By Hayley Pisciotti
Some people think traveling is a hobby, others believe it’s a calling. Traveling has the ability to be completely overwhelming while other times it is exactly what you need to take time off from the mundane tasks of everyday. Recently, I read an article about dromomania, which is the official term for having the urge to travel to the point where it makes you physically anxious if you do not travel. Throughout modern history, there have been accounts of people wandering around the world because they are unable to stop. It makes for a psychologically interesting case; however, I do believe it is based on our biological pasts as nomads. Our hunger for new environments and ways of life give us the ability to adapt to bigger things along the way.
In the 21st century, travel is used for work or luxury. It is held at a different standard now, but people still hunger for the change and immersion into different cultures. I think people should embrace it. For people who suffer from severe forms of dromomania, it is important for them to find some benefit in the traveling they do. Finding jobs that accommodate their travel needs or working on projects that allow them access to travel may work beneficially for them. I believe everyone has a little bit of wanderlust inside them and for the people who cannot live without travel, I would encourage them to look at it as a strength not a weakness.
During World War II, British spy Patrick Leigh Fermor was stationed in Greece and fell in love with the environment of the Mediterranean. Since then, he built a home for himself there and explored the neighboring peninsula for adventure and fun. He documented his travels throughout the 1930s and published it. His book became the guidelines for travel writing. After reading the journal entries, readers were inspired to write down their own traveling experiences and share them with others who wanted to travel, as well.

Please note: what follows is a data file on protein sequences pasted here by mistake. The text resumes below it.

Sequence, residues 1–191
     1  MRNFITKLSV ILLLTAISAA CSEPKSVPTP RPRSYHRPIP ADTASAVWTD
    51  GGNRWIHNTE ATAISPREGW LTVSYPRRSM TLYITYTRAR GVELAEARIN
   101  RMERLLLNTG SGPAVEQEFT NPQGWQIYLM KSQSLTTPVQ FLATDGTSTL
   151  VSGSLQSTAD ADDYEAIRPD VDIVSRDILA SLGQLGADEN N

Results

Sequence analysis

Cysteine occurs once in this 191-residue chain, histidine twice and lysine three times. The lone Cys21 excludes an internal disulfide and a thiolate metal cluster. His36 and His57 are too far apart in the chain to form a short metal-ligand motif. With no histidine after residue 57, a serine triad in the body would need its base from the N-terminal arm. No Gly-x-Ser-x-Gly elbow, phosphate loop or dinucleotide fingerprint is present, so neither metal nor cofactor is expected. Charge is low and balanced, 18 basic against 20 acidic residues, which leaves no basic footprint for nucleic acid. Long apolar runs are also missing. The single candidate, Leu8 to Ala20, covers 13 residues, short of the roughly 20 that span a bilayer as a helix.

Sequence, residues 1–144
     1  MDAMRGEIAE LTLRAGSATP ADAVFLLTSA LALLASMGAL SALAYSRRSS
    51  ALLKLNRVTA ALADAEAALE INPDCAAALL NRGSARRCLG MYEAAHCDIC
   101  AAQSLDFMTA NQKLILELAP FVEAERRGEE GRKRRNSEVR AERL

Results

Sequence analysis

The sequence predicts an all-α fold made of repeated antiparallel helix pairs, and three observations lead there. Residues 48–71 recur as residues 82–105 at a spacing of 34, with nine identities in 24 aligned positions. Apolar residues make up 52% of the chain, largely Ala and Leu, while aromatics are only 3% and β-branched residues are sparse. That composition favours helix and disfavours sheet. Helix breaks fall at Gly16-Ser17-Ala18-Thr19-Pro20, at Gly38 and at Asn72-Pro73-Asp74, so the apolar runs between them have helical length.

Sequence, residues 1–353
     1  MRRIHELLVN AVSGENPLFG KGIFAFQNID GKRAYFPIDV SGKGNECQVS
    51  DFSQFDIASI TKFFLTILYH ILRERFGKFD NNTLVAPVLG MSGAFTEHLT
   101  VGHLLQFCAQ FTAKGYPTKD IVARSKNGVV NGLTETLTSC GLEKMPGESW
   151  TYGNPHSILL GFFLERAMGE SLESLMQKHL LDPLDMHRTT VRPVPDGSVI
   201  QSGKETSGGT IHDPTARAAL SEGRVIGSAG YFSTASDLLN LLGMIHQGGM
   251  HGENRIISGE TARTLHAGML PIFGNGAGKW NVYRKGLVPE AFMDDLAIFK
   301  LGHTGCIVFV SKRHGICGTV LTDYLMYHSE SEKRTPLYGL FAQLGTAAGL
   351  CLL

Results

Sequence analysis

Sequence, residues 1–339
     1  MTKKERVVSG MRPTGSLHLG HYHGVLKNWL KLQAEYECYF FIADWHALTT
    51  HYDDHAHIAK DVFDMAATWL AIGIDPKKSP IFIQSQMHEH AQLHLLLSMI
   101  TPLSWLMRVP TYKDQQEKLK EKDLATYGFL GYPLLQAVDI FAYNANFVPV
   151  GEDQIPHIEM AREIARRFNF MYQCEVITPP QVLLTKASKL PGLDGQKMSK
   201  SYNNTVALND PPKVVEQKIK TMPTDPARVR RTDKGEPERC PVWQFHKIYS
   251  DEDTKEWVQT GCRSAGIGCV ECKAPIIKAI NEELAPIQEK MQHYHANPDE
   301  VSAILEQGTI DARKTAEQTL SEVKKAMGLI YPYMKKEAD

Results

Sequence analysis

I believe travel writers share their thoughts, advice, and experiences with audiences to ease the all-too-familiar urge to travel. People can escape through reading about adventure, too. People who have dromomania may find travel writing as a helpful tool for when they cannot escape their everyday life to travel.
Travel writers/bloggers/vloggers and any other source of media have found their niche by sharing their own experience with an audience who wishes to have similar travels. Not for the sake of making them jealous, but for the sheer enjoyment of storytelling. Interestingly, travel writing has grown more popular over the years because of people who follow the Instagram and Twitter travellers, who attract viewers with their appealing pictures and selfies. These people are only acting as half the travellers they could be if they would focus on seeing what is right in front of them instead of taking the perfect picture.
Personally, this is what I strive for in my time as any type of writer. I would never want to pose as someone who has the best travel experiences, but instead have realistic ones and be able to share my raw and true encounters with traveling. The idea of blogging my traveling has always been interesting and exciting to me. I cannot promise I’ll be as good as Patrick Leigh Fermor, but I will sure as hell try!